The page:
People need to start thinking of eating disorders like any other illness. I had to learn this! We wouldn’t tell people with a broken arm to “just stop having a broken arm” or “this is a phase you are going through.” Of course not! They would say, “Here, this is what we’re going to do about it to get you well” Medical professionals talking about mental health is a good first step. The more people in our healthcare systems talk about eating disorders as illnesses, the more our culture will also recognize them as illnesses that need care.

What are your favorite books, podcasts, or resources that have helped you with your struggle? Can you explain why you like them?

I’m a big fan of The Emily Program’s podcast, Peace Meal, because they focus on the whole picture; you can hear stories of recovery as well as learn more about eating disorders and body image issues and the role society plays. The book “Life Without Ed” by Jenni Schaefer was also incredibly helpful in learning to separate myself from my eating disorder.

Can you please give us your favorite “Life Lesson Quote”? Can you share how that was relevant to you in your life?

“Most people fail at whatever they attempt because of an undecided heart. Should I? Should I not? Go forward? Go back? Success requires the emotional balance of a committed heart. When confronted with a challenge, the committed heart will search for a solution. The undecided heart searches for an escape.” — Andy Andrews

Deciding to go forward in recovery and reclaim my life was incredibly scary. I could always make excuses for why the time wasn’t quite right for saving myself. But in the end, it was the most important thing I ever did! Committing to saving myself required a committed heart.

Are you working on any exciting new projects now? How do you think that will help people?

I am! I’m continuing to partner with The Emily Program to increase awareness of eating disorders and help people feel more comfortable about asking for help. I’m also working on a book (to be published next winter), a memoir called “Brave Enough”, where I’m sharing my complete story. I hope that by reading about everything I went through and really getting inside my head, both friends and family members will understand what it’s like to have an eating disorder. I also hope this book will inspire those currently struggling to seek help.

You are a person of great influence. If you could inspire a movement that would bring the most amount of good to the largest amount of people, what would that be? You never know what your idea can trigger. 🙂

I would want the movement to be this:

Let’s shift our focus as humans away from comparing ourselves to others and wishing we could look a certain way, to appreciating our awesome bodies for the way they are, and seeing the beauty in what we have!

How can our readers follow you on social media?

My instagram is @jessiediggins; my athlete Facebook page is Jessie Diggins; I’m on Twitter at @jessdiggs and my website is jessiediggins.com, where I share stories from racing, travel and training on my blog!


About the Author:

Originally from Israel, Limor Weinstein has been anorexic and bulimic, a “nanny spy” to the rich and famous and a Commander in the Israeli Army. Her personal recovery from an eating disorder led her to commit herself to a life of helping others, and along the way she picked up two Master’s Degrees in Psychology from Columbia University and City College as well as a Post-Graduate Certificate in Eating Disorder Treatment from the Institute for Contemporary Psychotherapy.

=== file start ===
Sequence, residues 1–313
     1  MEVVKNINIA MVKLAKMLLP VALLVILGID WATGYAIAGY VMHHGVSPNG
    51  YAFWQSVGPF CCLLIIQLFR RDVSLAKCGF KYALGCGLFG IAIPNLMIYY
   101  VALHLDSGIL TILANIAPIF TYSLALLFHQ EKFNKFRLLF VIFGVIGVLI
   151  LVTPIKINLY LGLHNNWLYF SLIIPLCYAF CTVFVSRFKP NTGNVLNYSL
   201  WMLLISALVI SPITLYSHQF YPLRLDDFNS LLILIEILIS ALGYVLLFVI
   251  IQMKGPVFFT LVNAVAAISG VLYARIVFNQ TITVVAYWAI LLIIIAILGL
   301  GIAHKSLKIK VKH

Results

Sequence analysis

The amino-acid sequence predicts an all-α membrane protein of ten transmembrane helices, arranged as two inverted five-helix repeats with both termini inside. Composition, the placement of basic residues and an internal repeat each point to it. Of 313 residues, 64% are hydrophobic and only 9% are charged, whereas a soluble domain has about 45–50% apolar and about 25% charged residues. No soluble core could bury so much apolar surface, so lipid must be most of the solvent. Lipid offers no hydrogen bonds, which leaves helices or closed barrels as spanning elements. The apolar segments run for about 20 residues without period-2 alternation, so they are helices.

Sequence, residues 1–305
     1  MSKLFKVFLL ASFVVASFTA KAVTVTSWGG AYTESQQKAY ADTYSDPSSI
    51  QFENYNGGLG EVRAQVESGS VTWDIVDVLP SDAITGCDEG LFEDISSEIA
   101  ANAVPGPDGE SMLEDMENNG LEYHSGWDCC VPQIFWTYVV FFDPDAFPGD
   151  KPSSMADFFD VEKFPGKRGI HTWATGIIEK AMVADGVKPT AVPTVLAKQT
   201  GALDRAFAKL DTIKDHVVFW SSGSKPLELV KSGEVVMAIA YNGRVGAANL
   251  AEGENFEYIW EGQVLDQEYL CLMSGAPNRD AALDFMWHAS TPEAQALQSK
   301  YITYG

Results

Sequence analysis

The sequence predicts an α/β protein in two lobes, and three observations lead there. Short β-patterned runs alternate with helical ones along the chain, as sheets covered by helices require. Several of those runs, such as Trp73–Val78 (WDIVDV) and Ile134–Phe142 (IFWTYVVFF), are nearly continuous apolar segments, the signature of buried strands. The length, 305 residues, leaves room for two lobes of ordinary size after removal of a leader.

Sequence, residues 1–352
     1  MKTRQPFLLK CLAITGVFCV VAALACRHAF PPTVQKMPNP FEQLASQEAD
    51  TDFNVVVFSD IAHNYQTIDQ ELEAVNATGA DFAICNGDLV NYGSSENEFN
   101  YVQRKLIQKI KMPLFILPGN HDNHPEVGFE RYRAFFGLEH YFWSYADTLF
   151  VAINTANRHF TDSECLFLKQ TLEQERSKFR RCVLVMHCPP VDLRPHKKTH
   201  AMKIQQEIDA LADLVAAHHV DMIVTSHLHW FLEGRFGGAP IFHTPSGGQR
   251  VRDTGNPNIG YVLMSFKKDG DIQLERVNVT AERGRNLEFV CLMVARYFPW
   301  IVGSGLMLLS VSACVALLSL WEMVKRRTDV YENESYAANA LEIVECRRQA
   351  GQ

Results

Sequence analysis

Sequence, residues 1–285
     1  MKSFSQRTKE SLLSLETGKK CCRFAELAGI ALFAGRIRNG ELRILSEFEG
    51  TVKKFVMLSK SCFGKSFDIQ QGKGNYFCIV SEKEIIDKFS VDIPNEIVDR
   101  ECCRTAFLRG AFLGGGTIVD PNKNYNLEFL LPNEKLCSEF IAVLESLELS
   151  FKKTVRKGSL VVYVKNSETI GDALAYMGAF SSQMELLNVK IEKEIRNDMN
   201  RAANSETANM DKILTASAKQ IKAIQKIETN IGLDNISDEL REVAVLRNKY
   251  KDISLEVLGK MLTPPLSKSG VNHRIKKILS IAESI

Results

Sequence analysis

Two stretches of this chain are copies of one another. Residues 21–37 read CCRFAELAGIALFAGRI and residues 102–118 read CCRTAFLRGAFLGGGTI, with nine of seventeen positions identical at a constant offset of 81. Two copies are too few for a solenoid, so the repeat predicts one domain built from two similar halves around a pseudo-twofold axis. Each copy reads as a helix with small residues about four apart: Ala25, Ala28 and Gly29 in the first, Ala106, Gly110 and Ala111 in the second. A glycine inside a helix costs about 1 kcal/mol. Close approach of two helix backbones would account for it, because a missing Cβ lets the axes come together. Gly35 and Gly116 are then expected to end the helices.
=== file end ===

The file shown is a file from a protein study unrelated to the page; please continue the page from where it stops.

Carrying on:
Upon settling in New York, Limor quickly became known as the “go to” person for families struggling with mental health issues, in part because her openness about her own mental health challenges paved the way for open exchanges. She understood the difficulties many have in finding the right treatment, as well as the stigma that remains so prevalent towards those who are struggling with mental health issues. She realized that most families are quietly struggling with a problem they’re not comfortable talking about, and that discomfort makes it much less likely that they will get the help they need for their loved ones. She discovered that being open and honest about her own mental health challenges took the fear out of the conversations. Her mission became to research and guide those families to the highest-quality treatment available. Helping others became part of her DNA, as has a commitment to supporting and assisting organizations that perform research and treatment in the mental health arena.

After years of helping families by helping connect them to the right treatment and wellness services, Limor realized that the only way to ensure that they are receiving appropriate, coordinated and evidence-based care would be to stay in control of the entire treatment process. That realization led her to create Bespoke Wellness Partners, which employs over 100 of the best clinicians and wellness providers in New York and provides confidential treatment and wellness services throughout the city. Bespoke has built its reputation on strong relationships, personalized, confidential service and a commitment to ensuring that all clients find the right treatment for their particular issues.

In addition to her role at Bespoke Wellness Partners, Limor is the Co-Chair of the Academy of Eating Disorders. She lives with her husband, three daughters and their dog Rex in Manhattan.